Soil moisture content/ water stored in the soil is affected by precipitation, soil characteristics, and temperature. In Geography, soil moisture contributes to understanding the earth’s water cycle, drought, floods, and weather forecasting in general. Active and passive sensors, i.e., Radarsat-2 and SMOS, measure soil moisture content in remote sensing. Remote sensors have been relatively successful in measuring the water content in soil up to a depth of 5cm from the ground.
9. Mapping Soil Types for Agricultural Planning
Soil mapping is done to provide important information about the characteristics and the conditions of a given land. Since all soils are not the same, accurate soil information is necessary globally. Soil mapping is a key priority, especially in agricultural planning and development. The remote sensing technique is employed in soil mapping to analyze and evaluate soil survey data to identify the most potent type of soil.
10. Quantifying Crop Conditions
The Normalized Difference Vegetation Index (NDVI) monitors food supply globally. The satellite imagery and radiation detect healthy and unhealthy vegetation in geography. A scientist will know particular vegetation is healthy when the radiations reflect green light and absorb red and blue light. Near-infrared radiation and NDVI are primary remote sensing applications in geography.
11. Quantifying the Damage after an Earthquake
The damage caused by earthquakes can be difficult to assess sometimes. Earthquake damage assessment is essential, especially where there is a need to rescue people; the evaluation must be done accurately and as fast as possible. Remote sensing applications in disaster management use object-based image classification to get accurate results. In remote sensing assessments, casting shadows from buildings and digital surface models are also used.
12. Measuring the Rise of Sea Levels
Knowing the measure of any sea level makes it easy for scientists to determine whether the oceans are rising or falling over time. Human activities such as global warming can cause an overall rise in sea level. To understand the increase in sea level, you accurately measure good baseline spatial data using a remote sensor.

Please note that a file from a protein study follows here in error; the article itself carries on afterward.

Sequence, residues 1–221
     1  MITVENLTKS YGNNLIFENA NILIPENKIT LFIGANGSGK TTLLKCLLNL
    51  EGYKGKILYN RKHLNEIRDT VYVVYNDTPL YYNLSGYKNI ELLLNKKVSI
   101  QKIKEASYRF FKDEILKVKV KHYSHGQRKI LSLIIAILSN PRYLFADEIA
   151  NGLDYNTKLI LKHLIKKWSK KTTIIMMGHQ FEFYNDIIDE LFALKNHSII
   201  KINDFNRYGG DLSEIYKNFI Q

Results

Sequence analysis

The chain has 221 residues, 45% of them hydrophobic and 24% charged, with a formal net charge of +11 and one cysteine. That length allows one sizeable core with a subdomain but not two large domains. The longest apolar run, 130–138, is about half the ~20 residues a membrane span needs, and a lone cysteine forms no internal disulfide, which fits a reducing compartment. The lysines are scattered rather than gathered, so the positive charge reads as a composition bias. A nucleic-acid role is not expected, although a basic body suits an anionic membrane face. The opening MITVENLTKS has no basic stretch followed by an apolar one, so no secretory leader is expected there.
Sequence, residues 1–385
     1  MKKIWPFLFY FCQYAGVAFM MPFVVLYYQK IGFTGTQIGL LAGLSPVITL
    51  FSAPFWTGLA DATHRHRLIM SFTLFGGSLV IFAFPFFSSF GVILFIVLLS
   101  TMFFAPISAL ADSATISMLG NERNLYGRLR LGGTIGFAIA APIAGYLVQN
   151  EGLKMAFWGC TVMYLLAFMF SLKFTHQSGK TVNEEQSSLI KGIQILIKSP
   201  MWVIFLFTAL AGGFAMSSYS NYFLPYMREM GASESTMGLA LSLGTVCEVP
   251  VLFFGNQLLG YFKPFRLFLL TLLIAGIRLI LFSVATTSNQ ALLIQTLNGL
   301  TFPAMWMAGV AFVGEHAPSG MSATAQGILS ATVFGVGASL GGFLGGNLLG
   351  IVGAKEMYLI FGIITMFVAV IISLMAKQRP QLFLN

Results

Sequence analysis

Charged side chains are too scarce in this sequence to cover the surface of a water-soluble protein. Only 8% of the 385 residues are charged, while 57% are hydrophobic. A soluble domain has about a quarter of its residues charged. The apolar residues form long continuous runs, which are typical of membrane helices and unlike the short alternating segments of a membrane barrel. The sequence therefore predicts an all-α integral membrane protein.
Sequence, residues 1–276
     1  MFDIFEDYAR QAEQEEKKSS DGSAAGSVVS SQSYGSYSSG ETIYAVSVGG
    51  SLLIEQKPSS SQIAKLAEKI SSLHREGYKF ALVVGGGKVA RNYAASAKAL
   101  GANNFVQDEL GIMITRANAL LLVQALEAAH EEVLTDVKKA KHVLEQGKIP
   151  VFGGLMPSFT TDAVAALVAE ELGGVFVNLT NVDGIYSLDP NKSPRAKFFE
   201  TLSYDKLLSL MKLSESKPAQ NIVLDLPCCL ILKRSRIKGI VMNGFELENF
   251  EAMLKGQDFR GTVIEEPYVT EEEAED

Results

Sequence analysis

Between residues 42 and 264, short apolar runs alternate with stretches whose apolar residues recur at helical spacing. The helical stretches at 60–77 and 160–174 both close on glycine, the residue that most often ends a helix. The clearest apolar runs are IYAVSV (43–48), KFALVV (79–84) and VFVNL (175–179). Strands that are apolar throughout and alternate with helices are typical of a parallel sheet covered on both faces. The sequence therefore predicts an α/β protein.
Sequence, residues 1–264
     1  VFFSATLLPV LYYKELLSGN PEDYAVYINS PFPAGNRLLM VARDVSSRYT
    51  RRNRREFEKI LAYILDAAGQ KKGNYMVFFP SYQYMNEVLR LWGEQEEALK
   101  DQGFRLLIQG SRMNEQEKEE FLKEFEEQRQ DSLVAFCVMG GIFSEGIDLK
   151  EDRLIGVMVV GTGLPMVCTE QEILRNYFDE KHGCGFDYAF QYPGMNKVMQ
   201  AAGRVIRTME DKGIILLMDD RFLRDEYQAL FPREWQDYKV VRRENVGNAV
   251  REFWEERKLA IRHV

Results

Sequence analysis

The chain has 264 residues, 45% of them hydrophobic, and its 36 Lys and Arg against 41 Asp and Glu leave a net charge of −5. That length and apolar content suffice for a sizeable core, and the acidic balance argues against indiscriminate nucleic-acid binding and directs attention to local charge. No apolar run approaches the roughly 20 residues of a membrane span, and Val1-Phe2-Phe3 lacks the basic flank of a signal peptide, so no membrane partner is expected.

Geology is the general study of landforms, structures, and the earth’s surface to understand the physical processes that make up the earth’s crust. It entails exploration and exploitation of mineral resources, rock types, geomorphology, and changes from natural events like floods and landslides. Applications of remote sensing in geology include bedrock mapping, structural mapping, mineral exploration, environmental geology, and geo-hazard mapping.
14. Monitoring Active Volcanoes
Volcanoes form when hot molten rock from the upper mantle moves to the surface. Such movements may result in eruptions which are very dangerous to human beings and the environment. Since volcanoes are inaccessible, remote sensing applications like thermal and mid-infrared provide solutions for understanding volcanoes. The sensors are also used to track, monitor, analyze and manage volcanic eruptions to prevent more occurrences.
15. Oceans and Coastal Monitoring
Oceans serve as transportation routes and are crucial in weather system formation and CO2 storage. They are also an essential link in the earth’s hydrological balance. On the other hand, Coastlines are environmentally sensitive interfaces between the ocean and land. Applications of remote sensing technology to both oceans and coastal monitoring in geography include; storm forecasting, water temperature monitoring, and ocean pattern identification.